|Reports that al-Qaeda is planning a bomb attack has put New York police on high alert (Asad Hashim/Al Jazeera)
The United States is stronger while al-Qaeda is on the road to defeat 10 years after the 9/11 attacks on the country, President Barack Obama has said.
Obama was speaking ahead of planned events to mark the 10th anniversary of the attacks on New York, Washington, DC and Pennsylvania, and amid a security crackdown following "specific and credible" threats against New York City and Washington on the eve of the anniversary.
"Thanks to the tireless efforts of our military personnel and our intelligence, law enforcement and homeland security professionals, there should be no doubt: today, America is stronger and al-Qaeda is on the path to defeat," Obama said in a weekly radio and internet address on Saturday.
The president also referred to the killing of Osama bin Laden, the former leader of al-Qaeda, asserting that popular protest movements in the Arab world were a testament to the lack of influence al-Qaeda has over the region's people.
"We've forged new partnerships with nations around the world to meet the global challenges that no nation can face alone," Obama said. "And across the Middle East and North Africa, a new generation of citizens is showing that the future belongs to those that want to build, not destroy."
Obama spoke as New York police put out a show of force, setting up checkpoints at major traffic intersections and at key locations on the city's subway system.
Al Jazeera's Asad Hashim, reporting from the city's financial district, said the impact of the tight security on Saturday was markedly less than Friday due to the start of the weekend.
The NYPD's response came after US intelligence reported the existence of specific, credible but uncorroborated threats involving a car or truck bomb plot linked to the anniversary.
The intelligence emanated from a source in the Afghanistan and Pakistan region, who told US officials that three men had been sent to the US with the training and intention of setting up car bombs in the two cities, a senior counterterrorism official told Al Jazeera.
US officials said they had not been able to get another source to confirm the threat or any details, but that security will be ramped up in both cities as the anniversary approaches on Sunday.
Hillary Clinton, the US secretary of state, had earlier indicated that the US believed that al-Qaeda was involved in the threat.
At least two of the suspects are believed to be US citizens, the Associated Press news agency reported.
At a meeting of his senior national security team on Sunday, Obama directed officials to "pursue vigorously all threat information and to ensure a heightened state of vigilance and preparedness" ahead of the anniversary.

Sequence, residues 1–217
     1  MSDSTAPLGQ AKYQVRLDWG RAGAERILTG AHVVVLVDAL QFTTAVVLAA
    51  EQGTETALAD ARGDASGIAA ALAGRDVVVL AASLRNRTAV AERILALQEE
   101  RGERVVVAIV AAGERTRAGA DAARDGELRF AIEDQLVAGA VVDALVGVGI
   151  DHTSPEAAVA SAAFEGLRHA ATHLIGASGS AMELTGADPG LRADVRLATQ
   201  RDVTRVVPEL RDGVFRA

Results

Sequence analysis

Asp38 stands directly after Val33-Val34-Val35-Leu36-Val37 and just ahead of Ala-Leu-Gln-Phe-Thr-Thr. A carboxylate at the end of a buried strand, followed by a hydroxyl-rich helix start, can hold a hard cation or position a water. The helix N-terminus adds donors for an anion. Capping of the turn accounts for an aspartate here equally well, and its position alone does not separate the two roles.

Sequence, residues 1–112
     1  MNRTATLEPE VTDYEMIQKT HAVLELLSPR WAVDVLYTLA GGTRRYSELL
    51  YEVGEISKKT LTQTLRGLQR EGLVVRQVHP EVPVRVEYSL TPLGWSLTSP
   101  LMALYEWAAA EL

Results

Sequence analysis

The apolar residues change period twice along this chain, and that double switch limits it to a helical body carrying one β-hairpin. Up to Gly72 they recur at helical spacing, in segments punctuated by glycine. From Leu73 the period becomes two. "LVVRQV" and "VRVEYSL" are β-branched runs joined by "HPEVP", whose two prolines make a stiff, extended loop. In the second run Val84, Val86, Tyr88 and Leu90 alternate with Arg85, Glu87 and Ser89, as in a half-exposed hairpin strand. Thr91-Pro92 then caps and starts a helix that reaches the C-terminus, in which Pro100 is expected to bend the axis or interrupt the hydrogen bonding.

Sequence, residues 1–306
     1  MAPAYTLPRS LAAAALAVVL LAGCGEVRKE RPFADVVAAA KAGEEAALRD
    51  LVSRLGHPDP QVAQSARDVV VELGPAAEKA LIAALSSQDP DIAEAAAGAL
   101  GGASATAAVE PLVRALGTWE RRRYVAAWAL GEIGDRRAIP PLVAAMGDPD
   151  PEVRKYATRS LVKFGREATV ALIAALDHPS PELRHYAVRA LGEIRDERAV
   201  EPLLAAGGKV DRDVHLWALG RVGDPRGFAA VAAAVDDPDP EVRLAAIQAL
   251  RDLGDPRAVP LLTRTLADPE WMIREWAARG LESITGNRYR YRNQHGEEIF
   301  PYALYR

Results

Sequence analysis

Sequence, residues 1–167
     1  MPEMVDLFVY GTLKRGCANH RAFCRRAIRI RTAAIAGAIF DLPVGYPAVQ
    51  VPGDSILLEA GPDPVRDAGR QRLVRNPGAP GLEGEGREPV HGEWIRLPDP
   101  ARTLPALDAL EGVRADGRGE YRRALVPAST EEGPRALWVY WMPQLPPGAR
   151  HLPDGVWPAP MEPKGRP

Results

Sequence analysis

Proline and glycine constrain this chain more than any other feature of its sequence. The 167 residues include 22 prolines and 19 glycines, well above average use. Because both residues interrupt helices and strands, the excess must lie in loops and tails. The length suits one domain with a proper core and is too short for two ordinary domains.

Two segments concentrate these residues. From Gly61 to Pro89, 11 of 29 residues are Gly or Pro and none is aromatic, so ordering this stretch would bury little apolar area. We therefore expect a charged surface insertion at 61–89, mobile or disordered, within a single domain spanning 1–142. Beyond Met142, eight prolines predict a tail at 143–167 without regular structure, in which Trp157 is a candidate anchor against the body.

US military bases overseas have been placed at the second-highest "bravo" alert level in response to elevated security risk.
The president also said that efforts must not let up in the days and weeks following the anniversary weekend.
Flight 93 commemoration
Meanwhile, in Shanksville, Pennsylvania, US Vice-President Joe Biden and former Presidents George Bush and Bill Clinton were present at a sombre ceremony honouring the passengers and crew of Flight 93, which crashed in a field after being hijacked on September 11, 2001.
They were accompanied by relatives of the 40 victims of the crash. Speakers at the dedication of the $62m Flight 93 National Memorial also included Gordon Felt, the president of the Families of Flight 93 group. Felt's brother Edward had been on board the flight, and had telephoned a friend from on board to report that the flight had been hijacked.
A white stone wall, bearing the names of those who struggled with the hijackers on the Boeing 757 airliner during the attack, was unveiled in the rural Pennsylvania field where the plane crashed.
Security was tight at the ceremony, and the US Federal Aviation Administration declared a no-fly zone up to 5,500m over the site, which is about 200km west of Washington, DC, for most of Sunday, when further ceremonies will be held.
Obama visited the Arlington National Cemetery on Saturday with his wife, Michelle, to remember those US soldiers who have been killed in the Iraq and Afghanistan wars. They visited Section 60 of the cemetery, a burial ground for service members killed in those two wars, which have so far claimed more than 6,213 US soldiers' lives.
The Obamas were due to participate in a service project on Saturday afternoon in the Washington, DC area, ahead of ceremonies on Sunday where the president is scheduled to visit the New York City, Shanksville, and Pentagon sites where hijacked planes crashed 10 years ago.
He will be joined in New York by former President Bush.
The memorial at the World Trade Center site in New York City will begin shortly before 8.30am local time, with moments of silence to be observed for each of the times that the four planes crashed, and the two times when the World Trade Center towers fell.
Speakers at the event will read out the names of the almost 3,000 people who were killed in the attacks that day. The ceremony will also mark the opening of two memorial pools at the World Trade Center site, which sits at the former footprints of the two buildings, to the public.
Obama will close the day by speaking at a memorial event at the Kennedy Center in Washington, DC.